Innovation key to region's future, leaders say

2014-04-03T14:35:00Z 2014-05-16T17:17:08Z Innovation key to region's future, leaders sayJoseph S. Pete joseph.pete@nwi.com, (219) 933-3316 nwitimes.com

HAMMOND| In a decade, Northwest Indiana could have a lakefront lined with a high-rises, a convention center and a restaurant with sweeping views.

The Calumet Region could have improved transportation infrastructure, more advanced manufacturing, top-notch job training programs and a highly skilled workforce.

Such visions were laid out Thursday by community leaders at "NWI by 2024: The Imperative for Innovation over the Next 10 Years" at The Center for Innovation through Visualization and Simulation on the Purdue University Calumet campus. Ivy Tech's Gerald I. Lamkin Innovation and Entrepreneurship Center and the The Society of Innovators of Northwest Indiana staged the annual luncheon in order to encourage Northwest Indiana leaders to embrace more innovation.

"We chose not to look back over the past decade, but to look ahead to making our region a region of innovation," said O'Merrial Butchee, director of the Ivy Tech's innovation center.

Eight speakers discussed how to build a culture of innovation in Northwest Indiana over the next 10 years.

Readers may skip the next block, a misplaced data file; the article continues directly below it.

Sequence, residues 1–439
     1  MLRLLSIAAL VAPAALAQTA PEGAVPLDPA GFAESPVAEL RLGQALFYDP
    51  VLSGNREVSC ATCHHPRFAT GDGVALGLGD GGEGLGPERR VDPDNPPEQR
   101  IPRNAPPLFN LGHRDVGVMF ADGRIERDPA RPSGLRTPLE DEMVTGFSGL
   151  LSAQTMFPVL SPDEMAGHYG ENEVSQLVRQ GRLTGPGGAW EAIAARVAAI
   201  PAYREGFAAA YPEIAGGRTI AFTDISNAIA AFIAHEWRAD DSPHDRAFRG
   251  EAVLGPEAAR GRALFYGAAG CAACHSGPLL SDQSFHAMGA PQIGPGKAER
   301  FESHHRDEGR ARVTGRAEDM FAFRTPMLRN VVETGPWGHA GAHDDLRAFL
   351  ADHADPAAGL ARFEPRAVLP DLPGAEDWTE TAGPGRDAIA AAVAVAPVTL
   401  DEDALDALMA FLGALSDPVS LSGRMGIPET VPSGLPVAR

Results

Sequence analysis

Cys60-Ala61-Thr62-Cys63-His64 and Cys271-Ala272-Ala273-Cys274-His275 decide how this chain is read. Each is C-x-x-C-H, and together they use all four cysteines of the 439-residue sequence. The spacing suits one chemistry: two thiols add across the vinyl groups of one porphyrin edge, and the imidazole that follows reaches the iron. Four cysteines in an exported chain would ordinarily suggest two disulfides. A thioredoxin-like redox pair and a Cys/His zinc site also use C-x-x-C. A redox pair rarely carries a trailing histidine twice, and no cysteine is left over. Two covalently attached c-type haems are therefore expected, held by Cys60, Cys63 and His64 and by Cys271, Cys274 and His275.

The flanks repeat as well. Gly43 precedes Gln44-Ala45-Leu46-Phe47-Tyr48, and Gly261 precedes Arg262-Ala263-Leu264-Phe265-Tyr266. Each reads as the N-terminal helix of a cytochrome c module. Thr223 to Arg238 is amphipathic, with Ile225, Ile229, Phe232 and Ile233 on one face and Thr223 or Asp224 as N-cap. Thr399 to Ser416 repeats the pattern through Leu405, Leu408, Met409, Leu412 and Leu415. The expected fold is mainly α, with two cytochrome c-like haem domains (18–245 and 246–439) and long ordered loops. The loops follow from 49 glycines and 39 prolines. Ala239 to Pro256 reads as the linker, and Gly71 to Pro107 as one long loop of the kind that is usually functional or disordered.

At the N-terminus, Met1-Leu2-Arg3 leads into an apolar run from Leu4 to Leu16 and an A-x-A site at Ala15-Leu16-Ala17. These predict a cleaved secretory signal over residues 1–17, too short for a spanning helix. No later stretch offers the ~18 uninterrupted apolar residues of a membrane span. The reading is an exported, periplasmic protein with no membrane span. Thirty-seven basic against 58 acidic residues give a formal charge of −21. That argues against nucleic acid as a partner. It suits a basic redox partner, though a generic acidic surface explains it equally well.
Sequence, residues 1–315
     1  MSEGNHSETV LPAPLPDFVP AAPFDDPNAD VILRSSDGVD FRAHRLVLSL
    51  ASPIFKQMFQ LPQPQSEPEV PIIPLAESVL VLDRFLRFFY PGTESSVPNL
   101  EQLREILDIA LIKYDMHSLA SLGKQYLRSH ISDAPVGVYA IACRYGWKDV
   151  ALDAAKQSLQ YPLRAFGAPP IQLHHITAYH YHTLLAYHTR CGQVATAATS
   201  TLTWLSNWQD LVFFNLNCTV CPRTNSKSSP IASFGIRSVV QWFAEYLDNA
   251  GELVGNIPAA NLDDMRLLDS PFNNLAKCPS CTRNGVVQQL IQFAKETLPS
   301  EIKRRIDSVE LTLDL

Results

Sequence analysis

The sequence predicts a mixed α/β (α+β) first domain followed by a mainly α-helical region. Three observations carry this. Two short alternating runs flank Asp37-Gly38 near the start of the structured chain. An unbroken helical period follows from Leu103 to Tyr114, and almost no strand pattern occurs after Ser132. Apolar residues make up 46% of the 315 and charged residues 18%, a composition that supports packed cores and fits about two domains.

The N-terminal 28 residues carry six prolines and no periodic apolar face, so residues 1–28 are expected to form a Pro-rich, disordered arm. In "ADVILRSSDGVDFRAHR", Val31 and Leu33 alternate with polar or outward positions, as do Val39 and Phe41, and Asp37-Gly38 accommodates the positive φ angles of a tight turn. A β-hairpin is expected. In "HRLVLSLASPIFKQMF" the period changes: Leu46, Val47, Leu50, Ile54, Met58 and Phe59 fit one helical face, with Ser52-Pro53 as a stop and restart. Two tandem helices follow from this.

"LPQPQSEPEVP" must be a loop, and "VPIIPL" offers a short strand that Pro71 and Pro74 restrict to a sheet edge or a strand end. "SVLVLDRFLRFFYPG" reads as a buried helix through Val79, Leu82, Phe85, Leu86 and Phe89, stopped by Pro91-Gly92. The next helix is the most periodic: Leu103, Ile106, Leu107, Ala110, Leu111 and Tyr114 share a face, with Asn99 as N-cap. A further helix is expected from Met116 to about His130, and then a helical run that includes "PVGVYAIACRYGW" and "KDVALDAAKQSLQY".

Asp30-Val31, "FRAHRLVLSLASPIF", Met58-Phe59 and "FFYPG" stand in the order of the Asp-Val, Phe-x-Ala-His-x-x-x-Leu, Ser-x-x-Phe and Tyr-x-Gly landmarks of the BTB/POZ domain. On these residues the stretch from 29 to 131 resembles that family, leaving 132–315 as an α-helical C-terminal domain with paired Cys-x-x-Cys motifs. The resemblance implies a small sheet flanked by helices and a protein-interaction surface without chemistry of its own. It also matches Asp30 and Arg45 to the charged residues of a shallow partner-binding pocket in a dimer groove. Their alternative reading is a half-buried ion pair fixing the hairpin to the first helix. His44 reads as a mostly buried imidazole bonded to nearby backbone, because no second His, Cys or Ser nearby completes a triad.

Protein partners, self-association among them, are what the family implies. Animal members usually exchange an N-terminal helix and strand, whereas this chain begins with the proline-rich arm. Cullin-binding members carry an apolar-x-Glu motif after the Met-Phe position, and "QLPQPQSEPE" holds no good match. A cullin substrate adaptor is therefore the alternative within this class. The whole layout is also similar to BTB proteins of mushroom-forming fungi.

Northwest Indiana peaked economically in 1978, when the average wage was 125 percent of the national average, said Donald Babcock, director of economic development for NIPSCO. Manufacturing contracted, and the steel industry lost thousands of jobs that paid around $60,000 a year. 

Region residents now make 89 percent of the national average. 

But the region has tremendous assets it can build upon, including ArcelorMittal's global research and development center in East Chicago, the $4 billion upgrade the BP Whiting Refinery, and the recent addition to Hobart's Northwind Crossings Industrial Park.

"Managing disappointment – it doesn't have to be that way," Babcock said. "We have great assets and great people, and it's imperative we share the innovative things happening in our economy to attract more to Northwest Indiana."

Innovation is already taking place. The Center for Innovation through Visualization and Simulation, for instance, has used state-of-the-art virtual reality simulations to help 80 different organizations, and save companies $30 million, founding director Chenn Zhou said.

The city of Whiting has innovated by building and selling 14 new houses on two blocks, after developers balked at building new homes in an older section of the 130-year-old city, Mayor Joseph Stahura said. Whiting also partnered with Hammond to jointly market their attractions, and has saved money by buying asphalt and other supplies with the much larger neighboring city.  

Not every new government idea has worked, such as when Highland and Munster unsuccessfully tried to merge their fire departments, but innovation requires risk, Stahura said.

Speakers also said innovation requires bold vision. 

"For Northwest Indiana to be successful, we have to look at ourselves not as Northwest Indiana but as the Crossroads of America," said Stewart McMillan, CEO and President of Task Force Tips. "It's a global economy, and we need to think globally, not regionally."

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